Relatives mourn for Korkmaz Tedik, who was killed during the bomb attack in Ankara.
TUMAY BERKIN, ZUMA PRESS/TNS
The horrific suicide bombings that killed 95 people at a peace rally in the Turkish capital on Saturday showcase a growing crisis for a crucial U.S. ally in a region that's on fire over conflicts that have proven too divisive and complex to resolve.
The United States has long looked toward Turkey as a rock in a storm because of its strategic location — bridging Europe and Asia and sharing borders with Syria and Iraq. In Syria, civil war rages into its fifth year, and the rampaging Islamic State has seized large portions of both Syria and Iraq. Not far beyond Turkey's borders, new violence spreads among West Bank and Gaza Palestinians.
Here are four questions about the complicated rifts revealed by Saturday's explosions outside a train station in Ankara and what's at stake for the United States:
Who would carry out such an attack and for what reason?
No one has claimed responsibility, but there are no shortage of suspects. Turkish Prime Minister Ahmet Davutoglu quickly said it was either Kurdish separatist rebels or Islamic State militants, both recent targets of Turkish military strikes. Leaders of the largely Kurdish Peoples' Democratic Party or HDP — which rocked Turkey in June by capturing enough votes to gain a bloc of seats in the parliament — are deeply suspicious of the government of President Recep Tayyip Erdogan for failing to prevent the massacre.
Even the Syrian government would have a motive for destabilizing a neighboring giant that has called for the removal of Syrian President Bashar Assad. "The Turks have threats coming at them from multiple directions at a level of political complexity that even those of us who spend an inordinate time ... looking at Turkey have a hard time with," said Steven Cook, an expert on Turkish politics at the Council on Foreign Relations.
Why is the Turkish government a target of suspicion in the wake of the blasts?
Erdogan has for four years worked to consolidate power, suppress political freedoms and transform Turkey from a secular to an Islamic nation. With a parliamentary supermajority he could push through necessary constitutional changes. But those plans were dashed by the June election results, which failed to give Erdogan the mandate he sought. Instead, the results showed the Kurds a peaceful avenue of influence through democratic rather than violent means.
Machinations by Erdogan has produced a second round of voting on Nov. 1, a sort of do-over, Cook said. But surveys show the Kurdish HDP party will likely repeat its gains in June, and Erdogan's opposition fears a campaign of intimidation by the government in response. Journalists and academics have been jailed. The bombs exploded against this backdrop of suspicion and fear. Meanwhile, Turks are growing increasingly impatient with Erdogan's political maneuvering. "The country cannot be holding elections until Erdogan sees an outcome he likes," said Oguzhan Ozbas, an associate professor of business and expert on Turkey at the University of Southern California.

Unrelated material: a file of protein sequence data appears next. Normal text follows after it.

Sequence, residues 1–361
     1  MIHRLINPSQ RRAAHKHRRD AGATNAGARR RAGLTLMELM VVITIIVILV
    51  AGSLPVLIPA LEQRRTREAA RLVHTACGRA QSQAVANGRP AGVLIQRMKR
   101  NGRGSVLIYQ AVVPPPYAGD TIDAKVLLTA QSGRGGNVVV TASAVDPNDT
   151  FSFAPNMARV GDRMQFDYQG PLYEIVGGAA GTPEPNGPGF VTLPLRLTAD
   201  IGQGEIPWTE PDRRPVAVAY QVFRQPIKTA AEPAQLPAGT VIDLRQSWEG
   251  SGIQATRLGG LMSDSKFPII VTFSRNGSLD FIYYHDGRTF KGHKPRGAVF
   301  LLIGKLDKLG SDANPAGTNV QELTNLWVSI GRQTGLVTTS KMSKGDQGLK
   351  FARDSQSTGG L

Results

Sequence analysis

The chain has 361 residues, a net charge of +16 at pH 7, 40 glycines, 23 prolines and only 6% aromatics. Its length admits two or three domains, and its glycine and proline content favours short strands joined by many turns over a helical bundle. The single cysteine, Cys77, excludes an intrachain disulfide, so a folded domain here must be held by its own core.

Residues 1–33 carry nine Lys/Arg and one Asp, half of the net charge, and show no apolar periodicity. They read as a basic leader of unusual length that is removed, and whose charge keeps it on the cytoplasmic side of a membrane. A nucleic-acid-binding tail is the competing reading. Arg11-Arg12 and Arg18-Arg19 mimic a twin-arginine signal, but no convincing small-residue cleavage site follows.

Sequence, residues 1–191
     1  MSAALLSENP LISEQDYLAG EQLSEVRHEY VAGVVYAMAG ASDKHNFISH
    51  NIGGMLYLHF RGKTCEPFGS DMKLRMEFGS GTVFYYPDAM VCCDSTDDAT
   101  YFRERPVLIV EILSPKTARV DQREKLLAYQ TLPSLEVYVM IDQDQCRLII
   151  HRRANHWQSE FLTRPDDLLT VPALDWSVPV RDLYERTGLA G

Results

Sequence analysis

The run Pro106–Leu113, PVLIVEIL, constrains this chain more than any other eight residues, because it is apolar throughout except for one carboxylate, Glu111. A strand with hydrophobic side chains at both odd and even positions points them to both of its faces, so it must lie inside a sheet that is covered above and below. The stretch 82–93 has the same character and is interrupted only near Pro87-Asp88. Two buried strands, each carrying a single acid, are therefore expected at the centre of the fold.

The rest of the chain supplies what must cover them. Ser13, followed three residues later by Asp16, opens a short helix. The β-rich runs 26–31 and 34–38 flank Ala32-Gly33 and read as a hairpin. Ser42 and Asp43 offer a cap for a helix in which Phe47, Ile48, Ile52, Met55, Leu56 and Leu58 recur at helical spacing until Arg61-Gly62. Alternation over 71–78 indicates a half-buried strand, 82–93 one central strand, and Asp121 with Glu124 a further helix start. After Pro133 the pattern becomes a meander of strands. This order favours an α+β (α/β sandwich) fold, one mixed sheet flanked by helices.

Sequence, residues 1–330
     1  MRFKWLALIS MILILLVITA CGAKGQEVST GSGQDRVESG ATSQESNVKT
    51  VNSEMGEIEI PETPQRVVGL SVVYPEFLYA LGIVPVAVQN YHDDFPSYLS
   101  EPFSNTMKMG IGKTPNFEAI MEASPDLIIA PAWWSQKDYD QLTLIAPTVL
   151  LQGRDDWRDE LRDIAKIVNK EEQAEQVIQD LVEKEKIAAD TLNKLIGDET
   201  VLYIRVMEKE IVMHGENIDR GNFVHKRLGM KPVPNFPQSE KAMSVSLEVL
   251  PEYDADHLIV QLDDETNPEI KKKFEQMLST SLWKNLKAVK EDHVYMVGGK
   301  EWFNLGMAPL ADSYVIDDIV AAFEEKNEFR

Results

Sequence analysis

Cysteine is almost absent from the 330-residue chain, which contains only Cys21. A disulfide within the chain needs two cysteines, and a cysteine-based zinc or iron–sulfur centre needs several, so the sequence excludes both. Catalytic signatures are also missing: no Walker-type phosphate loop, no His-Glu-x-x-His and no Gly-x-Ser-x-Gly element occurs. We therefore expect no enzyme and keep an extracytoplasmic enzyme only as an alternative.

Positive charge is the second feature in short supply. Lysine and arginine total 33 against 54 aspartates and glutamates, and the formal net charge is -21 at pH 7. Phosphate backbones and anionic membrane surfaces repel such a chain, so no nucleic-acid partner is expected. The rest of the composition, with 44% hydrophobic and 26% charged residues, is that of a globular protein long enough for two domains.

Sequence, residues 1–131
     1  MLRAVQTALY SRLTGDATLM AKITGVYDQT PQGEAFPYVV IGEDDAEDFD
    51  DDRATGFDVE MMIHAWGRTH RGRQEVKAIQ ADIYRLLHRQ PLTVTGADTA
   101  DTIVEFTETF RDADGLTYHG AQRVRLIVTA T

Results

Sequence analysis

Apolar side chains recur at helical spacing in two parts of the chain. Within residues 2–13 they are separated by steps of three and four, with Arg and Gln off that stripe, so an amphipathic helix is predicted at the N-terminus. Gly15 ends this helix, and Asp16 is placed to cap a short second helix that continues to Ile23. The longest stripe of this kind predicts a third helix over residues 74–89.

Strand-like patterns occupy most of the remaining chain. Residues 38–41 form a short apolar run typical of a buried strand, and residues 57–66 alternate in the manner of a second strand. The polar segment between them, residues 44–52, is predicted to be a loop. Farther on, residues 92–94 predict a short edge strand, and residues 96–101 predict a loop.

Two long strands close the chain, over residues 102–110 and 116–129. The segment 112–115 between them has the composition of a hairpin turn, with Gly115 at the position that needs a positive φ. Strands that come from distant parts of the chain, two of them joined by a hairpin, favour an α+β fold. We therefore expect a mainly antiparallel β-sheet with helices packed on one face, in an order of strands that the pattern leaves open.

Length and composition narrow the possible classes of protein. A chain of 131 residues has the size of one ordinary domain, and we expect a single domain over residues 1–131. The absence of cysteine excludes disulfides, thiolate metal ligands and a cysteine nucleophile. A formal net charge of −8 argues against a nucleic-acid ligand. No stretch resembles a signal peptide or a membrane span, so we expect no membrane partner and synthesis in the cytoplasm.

What's at stake for Turkey in the short term?
There's fear of growing instability in a nation of 80 million that is a member of NATO. If the government holds Kurdish rebels responsible for the bombings and the HDP is routed at the polls Nov. 1, it "would send a message predominantly to Kurds: You have played by the rules ... (but) you are not actually welcome to play politics," Cook said. Analysts worry that if Erdogan sees himself once again likely to be denied a supermajority at the polls, he will postpone the elections or even suspend the constitution — steps further polarizing the nation.
Meanwhile, Kurdish successes against the Islamic State on Syrian and Iraqi battlefields, while one of the few bright lights for the U.S. goal of defeating the extremist group, are heightening fears among Turkish nationalists of growing Kurdish power to carve out an independent state from parts of Turkey, Syria and Iraq.
Why is Turkey so important to the U.S.?
Turkey has struggled to control its borders with Syria, allowing jihadist recruits from Western countries a pathway to join the Islamic State and, in turn, providing the terrorists a way to the West potentially to the United States. Turkey has also been hit hard by one of the largest refugee movements since World War II, as more 2.2 million fleeing Syria and other conflicts enter the country on their way northward to Europe.
The U.S. has a direct interest in seeing stability for its ally, but it also has a traditional desire to see rights of peaceful protesters safeguarded. "I think in this case, our strategic interests in the region ... and our commitment to democracy are probably on a head-on collision course," said Elizabeth Shakman Hurd, an associate professor of political science and an expert on Turkish politics at Northwestern University. "I think it's probably going to get darker (for Turkey), before it gets lighter."